Hey Lawmakers: Slowing Foreclosures Hurts Housing

Today’s San Francisco Chronicle has a piece by Professor John B. Taylor of Stanford University on the negative consequences of the foreclosure-stopping bill passed yesterday by the California Legislature.

He says to get economic recovery going full steam, you have to clear excess inventory as fast as possible. And here’s what I posted on the Chronicle comments page: “Professor Taylor is spot on.”

Here are two possible outcomes from this law that may slow or stop foreclosures:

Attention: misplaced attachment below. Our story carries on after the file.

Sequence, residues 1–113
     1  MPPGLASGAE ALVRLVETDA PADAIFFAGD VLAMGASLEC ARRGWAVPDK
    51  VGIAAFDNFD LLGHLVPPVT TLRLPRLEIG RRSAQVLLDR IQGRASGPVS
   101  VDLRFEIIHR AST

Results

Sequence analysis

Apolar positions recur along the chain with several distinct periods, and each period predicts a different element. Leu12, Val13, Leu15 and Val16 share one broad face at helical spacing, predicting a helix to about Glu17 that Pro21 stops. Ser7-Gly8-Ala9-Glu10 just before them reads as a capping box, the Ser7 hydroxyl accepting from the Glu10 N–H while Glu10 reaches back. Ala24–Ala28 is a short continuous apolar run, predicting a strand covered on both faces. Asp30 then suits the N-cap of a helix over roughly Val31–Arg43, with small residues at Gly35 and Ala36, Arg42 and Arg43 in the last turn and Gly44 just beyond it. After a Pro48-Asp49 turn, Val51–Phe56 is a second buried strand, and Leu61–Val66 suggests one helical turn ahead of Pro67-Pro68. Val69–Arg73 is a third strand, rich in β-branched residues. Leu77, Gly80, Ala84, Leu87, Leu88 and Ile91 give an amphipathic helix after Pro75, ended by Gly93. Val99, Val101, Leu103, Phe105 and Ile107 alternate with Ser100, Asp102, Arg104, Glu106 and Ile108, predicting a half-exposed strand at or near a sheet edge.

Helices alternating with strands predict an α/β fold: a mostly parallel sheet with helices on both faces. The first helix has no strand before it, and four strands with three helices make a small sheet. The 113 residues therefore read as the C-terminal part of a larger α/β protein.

(1) loan servicers will reject loan modifications and pursue only foreclosures, or

(2) the length of time it will take for the housing market to recover will be increased by several years.

There is still much government support for high housing prices. The FNMA/FHLMC loan limits reflect where values were pre-bust. There are many government initiatives in place to stave foreclosure. HAMP and HARP are examples.

We are continuing to keep property values artificially high. Without these artificial supports, values would fall perhaps another 20%. Then homes would be affordable and building would start. The problem is that allowing that would cause significant losses to the banking sector. Then we’d be back to 2008-style contagion.

Slowing Foreclosures Will Harm Housing (SF Chronicle)

$XHB $XLF